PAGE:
Georg Philipp TELEMANN (1681 - 1767)
Sonata à 4 in D minor (TWV 43,d1) [15:48]
Sonata à 4 in A (TWV 43,A1) [12:59]
Concerto à 4 in A minor (TWV 43,a3) [10:26]
Quartetto in G (TWV 43,G2) [12:55]
Ensemble Ventus Iucundus/Reinhard Czasch
rec. 2014, Hofburgkapelle, Vienna, Austria DDD
GRAMOLA 99152 [52:12]
The trio sonata was one of the main forms of instrumental music in the Baroque period. Numerous pieces of this kind - scored for two melody instruments and basso continuo - were produced from the last quarter of the 17th century to the third quarter of the next. It was a bit different with the quartet. This genre was considered the ultimate proof of a composer's mastery of counterpoint. In his treatise Versuch einer Anleitung, die Flöte traversiere zu spielen, Johann Joachim Quantz described the quartet as a sonata with three concertante instruments and a bass line that is "at the same time the touchstone of an authentic contrapuntist and also a real pitfall for a musician lacking experience and compositional skills". In his view Telemann was a specimen of the first category. His quartets could be used "as excellent models for this type of music".
Telemann's oeuvre includes a considerable number of quartets; the catalogue of his works includes more than 60 extant pieces of this kind, and to them one has to add the pieces which are known to have existed, but which have been lost. They appear under different titles: quatuor, sonate and concerto. The scoring is also different, such as transverse flute, violin and viola da gamba, transverse flute, viola da gamba and bassoon or two violins and horn - to mention only a few. The present disc offers four quartets from various sources in different scorings.
In 1733 Telemann published the three Productions of the collection Musique de table. Each of these volumes included an 'orchestral' suite, a quartet, a trio sonata, a solo sonata, a concerto with two or three solo parts and a 'conclusion'. The present disc includes two of the quartets in this collection.
The Sonata in D minor is from the second production and - as was so often the case in music for amateurs of the time - offers various alternative scorings. Two of the melody parts are for transverse flutes, but for the third the performers can choose between the recorder, the bassoon and the cello. The Freiburger Barockorchester, in its complete recording of the Musique de table (Harmonia mundi, 2010), chose the second option, here we get the first. At the time this collection came from the press, the recorder was already a rather old-fashioned instrument, but still popular among amateurs, which explains why Telemann composed many pieces for it. In contrast, the flute was the most fashionable instrument of the time. In this sonata Telemann treats the instruments in various ways: on the one hand the three instruments are fully integrated, in line with the requirements of counterpoint, but especially in the second movement he juxtaposes the recorder and the pair of flutes. The performers highlight this aspect by including a cadenza for the recorder, a practice, which I find debatable.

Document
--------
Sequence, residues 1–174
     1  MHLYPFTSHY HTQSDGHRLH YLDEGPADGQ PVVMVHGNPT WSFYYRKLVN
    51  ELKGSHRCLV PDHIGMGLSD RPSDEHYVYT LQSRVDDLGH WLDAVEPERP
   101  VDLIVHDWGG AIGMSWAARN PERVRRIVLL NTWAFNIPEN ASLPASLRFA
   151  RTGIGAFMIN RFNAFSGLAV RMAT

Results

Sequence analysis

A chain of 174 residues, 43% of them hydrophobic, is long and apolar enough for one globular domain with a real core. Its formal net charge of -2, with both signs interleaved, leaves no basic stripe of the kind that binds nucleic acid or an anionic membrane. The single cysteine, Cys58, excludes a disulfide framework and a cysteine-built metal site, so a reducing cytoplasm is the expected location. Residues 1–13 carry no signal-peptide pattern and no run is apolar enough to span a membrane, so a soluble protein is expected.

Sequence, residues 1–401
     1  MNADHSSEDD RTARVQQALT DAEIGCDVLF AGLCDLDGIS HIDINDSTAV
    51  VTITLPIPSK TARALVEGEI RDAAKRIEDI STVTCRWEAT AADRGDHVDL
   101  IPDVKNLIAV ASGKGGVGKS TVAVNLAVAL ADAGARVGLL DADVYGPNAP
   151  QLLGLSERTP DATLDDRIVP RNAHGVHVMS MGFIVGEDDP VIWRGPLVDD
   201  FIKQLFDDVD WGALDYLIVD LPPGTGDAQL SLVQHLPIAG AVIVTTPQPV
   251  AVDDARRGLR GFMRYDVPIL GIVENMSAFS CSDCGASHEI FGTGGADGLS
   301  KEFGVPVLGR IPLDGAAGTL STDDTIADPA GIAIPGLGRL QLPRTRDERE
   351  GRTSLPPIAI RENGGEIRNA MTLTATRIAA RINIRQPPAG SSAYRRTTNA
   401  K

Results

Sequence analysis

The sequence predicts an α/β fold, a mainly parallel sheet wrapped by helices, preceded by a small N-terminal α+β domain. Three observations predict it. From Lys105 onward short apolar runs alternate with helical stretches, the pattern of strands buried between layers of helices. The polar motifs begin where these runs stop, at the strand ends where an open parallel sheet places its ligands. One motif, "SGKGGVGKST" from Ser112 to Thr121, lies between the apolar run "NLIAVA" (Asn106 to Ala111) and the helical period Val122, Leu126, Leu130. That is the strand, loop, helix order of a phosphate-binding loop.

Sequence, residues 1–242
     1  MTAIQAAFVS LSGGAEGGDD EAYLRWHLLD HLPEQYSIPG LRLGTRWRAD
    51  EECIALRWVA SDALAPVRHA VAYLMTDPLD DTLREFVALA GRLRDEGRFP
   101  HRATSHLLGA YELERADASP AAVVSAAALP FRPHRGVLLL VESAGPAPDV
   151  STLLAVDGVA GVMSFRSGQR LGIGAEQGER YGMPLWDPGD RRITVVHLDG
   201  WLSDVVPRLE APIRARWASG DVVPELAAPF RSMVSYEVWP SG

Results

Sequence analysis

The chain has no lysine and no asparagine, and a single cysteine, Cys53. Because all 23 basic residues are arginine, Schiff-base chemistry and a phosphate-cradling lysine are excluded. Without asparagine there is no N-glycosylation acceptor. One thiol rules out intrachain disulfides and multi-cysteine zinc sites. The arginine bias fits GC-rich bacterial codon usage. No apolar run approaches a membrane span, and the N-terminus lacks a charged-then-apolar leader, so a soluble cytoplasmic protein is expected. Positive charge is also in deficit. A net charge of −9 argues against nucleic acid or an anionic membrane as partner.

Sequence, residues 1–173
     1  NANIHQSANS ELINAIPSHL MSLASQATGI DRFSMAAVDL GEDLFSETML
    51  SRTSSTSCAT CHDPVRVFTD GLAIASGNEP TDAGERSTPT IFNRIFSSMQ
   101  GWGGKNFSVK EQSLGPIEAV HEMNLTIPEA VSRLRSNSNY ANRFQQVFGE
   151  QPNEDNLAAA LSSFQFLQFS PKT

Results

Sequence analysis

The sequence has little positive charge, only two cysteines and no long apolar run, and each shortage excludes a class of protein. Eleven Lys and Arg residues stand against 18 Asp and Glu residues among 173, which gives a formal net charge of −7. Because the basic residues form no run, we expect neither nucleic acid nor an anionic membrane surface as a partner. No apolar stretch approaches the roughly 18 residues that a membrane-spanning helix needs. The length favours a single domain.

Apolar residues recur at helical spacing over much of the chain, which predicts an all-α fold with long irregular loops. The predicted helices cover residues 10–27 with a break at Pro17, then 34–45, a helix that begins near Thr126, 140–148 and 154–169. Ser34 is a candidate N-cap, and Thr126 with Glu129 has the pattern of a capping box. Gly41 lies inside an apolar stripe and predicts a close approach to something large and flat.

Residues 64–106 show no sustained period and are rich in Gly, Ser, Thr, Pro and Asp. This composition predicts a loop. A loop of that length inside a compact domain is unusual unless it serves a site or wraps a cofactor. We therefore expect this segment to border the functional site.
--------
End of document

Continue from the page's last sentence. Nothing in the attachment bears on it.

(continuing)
The other quartet from this collection is taken from the first production. The Sonata in G is for the more 'conventional' scoring of transverse flute, oboe and violin. Susanne Abed-Navandi, in her liner-notes, states that "[the] popularity of that piece among the interpreters of the early music scene may possibly come from Telemann's idea to group the central upper voice instruments of a Baroque orchestra (...)". The scoring may be conventional, the structure is not: the sonata has the usual four movements in the most common order - slow, fast, slow, fast - but Telemann derives from it in that the two first movements have an ABA structure; the B section is in a contrasting tempo. The third movement is very short (here 00:48) and not more than a transition between the two fast movements.
The most famous of Telemann's quartets are those generally known as the 'Paris' quartets. Strictly speaking that title is only appropriate for the quartets Telemann composed during his stay in Paris in 1737/38 and were published there. In 1730 Telemann published a set of six Quadri; these are often also ranked among the 'Paris' quartets, probably because they are so much alike the later quartets, including the scoring for transverse flute, violin and viola da gamba. Here Telemann treats the instruments on equal terms, although he also highlights the flute. Telemann would not be Telemann, if he didn’t explore the different features of every single instrument. It certainly helped that he played most instruments himself and had an intimate knowledge of their characteristics. That is also the case with the Concerto in A minor, scored for recorder, oboe, violin and basso continuo. It ranks among Telemann's most popular pieces, probably especially because of the closing vivace, a typical exuberant movement, with which Telemann so often closes his sonatas.
The programme on offer here is not exactly original. All the pieces are available in many recordings. The short playing time does not speak in favour of it, either. I don't quite understand why the performers did not add any further pieces from the rich oeuvre of Telemann. Fortunately the interpretations are mostly pretty good. Most of the tempi are satisfying, such as the andante, which opens the Sonata in D minor. However, the andante from the Sonata in A seems too slow, more like an adagio. I have already expressed my doubts about the cadenza for the recorder in the Sonata in D minor. That said, this disc has given me much pleasure. Because of the variety in scoring, this disc is a fine introduction to the quartet repertoire in Telemann's oeuvre.
Johan van Veen